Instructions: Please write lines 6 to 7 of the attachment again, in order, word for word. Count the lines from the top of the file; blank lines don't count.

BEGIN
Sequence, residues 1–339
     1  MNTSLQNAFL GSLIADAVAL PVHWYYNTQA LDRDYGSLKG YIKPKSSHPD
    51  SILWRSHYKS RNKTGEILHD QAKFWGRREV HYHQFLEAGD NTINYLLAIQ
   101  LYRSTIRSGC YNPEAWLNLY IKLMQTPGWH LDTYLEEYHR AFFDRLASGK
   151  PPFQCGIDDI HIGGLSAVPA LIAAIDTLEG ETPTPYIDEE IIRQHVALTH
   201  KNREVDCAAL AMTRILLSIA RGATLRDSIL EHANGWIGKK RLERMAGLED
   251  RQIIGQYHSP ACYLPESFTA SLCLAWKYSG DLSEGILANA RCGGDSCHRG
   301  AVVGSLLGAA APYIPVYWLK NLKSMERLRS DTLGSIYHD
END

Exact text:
   201  KNREVDCAAL AMTRILLSIA RGATLRDSIL EHANGWIGKK RLERMAGLED
   251  RQIIGQYHSP ACYLPESFTA SLCLAWKYSG DLSEGILANA RCGGDSCHRG